- THE MAGAZINE
Valuable metals such as copper and nickel are becoming increasingly hard to find and recover using traditional processing techniques. New copper deposits typically contain lower ore grades with more complex geology than those found in the past, making recovery of target minerals more costly and energy intensive.
“The latest developments in advanced mineral detection systems and rapid data processing capability now make automated mineral sorting a very attractive processing option,” said John McGagh, Rio Tinto’s head of Innovation. “Our work with The University of Queensland will develop state-of-the-art approaches to sorting across a range of strategically important minerals.”
“Rio Tinto and The University of Queensland have a rich history of research collaboration, and a long-term commitment to the center solidifies this relationship,” said University of Queensland Professor Ben Adair, newly appointed director of the Rio Tinto Centre. “The center has a mandate to explore the most innovative ideas in the field of mineral sorting, and to work with Rio Tinto to develop them into new industry-changing technologies. This new partnership is seen by both parties as an exciting opportunity to translate novel ideas into the state-of-the-art in mineral sorting worldwide. We have already started to scale up one concept, and more are planned.”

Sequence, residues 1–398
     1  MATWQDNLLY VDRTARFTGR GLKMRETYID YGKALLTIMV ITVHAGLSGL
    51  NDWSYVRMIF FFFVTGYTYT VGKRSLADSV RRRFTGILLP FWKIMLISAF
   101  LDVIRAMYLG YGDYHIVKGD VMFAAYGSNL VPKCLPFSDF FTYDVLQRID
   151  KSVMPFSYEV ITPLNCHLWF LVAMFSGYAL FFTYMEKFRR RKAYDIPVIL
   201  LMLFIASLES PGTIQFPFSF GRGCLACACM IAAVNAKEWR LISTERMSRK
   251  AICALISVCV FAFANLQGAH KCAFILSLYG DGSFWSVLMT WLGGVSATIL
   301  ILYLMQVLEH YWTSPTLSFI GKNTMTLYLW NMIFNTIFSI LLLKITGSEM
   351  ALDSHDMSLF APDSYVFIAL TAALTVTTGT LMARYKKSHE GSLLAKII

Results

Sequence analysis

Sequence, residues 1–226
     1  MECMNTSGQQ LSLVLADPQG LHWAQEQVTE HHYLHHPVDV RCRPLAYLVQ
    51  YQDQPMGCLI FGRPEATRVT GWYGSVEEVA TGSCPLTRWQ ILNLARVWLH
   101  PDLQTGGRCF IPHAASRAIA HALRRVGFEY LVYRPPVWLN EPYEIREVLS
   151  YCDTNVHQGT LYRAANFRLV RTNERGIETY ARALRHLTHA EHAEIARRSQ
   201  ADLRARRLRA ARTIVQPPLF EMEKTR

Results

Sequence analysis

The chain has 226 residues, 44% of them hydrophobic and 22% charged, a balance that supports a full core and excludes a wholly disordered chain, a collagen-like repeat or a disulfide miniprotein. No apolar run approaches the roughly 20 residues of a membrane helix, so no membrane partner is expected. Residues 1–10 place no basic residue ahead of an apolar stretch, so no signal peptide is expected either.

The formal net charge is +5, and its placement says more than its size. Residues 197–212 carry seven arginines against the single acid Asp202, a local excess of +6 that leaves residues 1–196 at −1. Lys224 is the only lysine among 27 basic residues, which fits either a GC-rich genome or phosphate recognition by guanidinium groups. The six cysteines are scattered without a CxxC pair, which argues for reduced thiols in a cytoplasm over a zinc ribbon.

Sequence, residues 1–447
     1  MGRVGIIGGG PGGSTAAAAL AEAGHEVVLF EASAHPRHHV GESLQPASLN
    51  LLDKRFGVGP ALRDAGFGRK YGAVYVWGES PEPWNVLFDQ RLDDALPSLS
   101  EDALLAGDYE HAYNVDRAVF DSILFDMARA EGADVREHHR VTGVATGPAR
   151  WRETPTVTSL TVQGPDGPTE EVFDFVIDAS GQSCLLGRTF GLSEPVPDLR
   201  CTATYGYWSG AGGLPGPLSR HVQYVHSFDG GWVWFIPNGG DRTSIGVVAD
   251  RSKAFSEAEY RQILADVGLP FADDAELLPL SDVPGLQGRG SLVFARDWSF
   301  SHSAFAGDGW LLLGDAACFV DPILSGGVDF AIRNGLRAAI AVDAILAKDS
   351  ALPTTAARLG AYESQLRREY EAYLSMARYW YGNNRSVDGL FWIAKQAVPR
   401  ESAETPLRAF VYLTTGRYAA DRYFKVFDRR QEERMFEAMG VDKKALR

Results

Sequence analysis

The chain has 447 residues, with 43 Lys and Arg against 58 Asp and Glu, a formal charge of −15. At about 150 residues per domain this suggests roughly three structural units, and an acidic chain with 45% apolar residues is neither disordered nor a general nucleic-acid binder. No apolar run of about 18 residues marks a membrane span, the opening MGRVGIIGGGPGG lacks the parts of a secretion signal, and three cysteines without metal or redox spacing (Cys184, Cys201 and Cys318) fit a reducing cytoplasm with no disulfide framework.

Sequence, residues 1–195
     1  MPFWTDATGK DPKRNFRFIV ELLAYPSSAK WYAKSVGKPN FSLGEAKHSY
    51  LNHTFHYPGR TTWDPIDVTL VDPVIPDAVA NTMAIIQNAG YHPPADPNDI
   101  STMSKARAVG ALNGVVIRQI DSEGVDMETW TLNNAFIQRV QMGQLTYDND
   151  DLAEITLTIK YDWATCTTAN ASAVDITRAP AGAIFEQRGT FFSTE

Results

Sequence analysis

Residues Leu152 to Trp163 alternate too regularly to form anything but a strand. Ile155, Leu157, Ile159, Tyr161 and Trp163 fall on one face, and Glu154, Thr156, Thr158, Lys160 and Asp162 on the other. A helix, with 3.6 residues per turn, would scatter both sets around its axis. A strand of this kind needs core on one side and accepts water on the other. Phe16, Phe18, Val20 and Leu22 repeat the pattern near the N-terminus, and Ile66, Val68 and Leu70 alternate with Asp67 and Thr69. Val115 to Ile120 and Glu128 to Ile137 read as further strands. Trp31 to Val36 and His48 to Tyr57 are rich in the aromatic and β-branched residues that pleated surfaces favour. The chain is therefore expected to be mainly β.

The Rio Tinto Centre for Advanced Mineral Sorting will run for an initial five-year period and complements other existing Rio Tinto centers, which are located at the University of Sydney (automation) and Curtin University (sensing and materials) in Australia, and Imperial College (mineral processing) in London. The centers will work together to provide considerable and ongoing capabilities in mining and mineral processing.
For additional information, visit www.riotinto.com or www.uq.edu.au.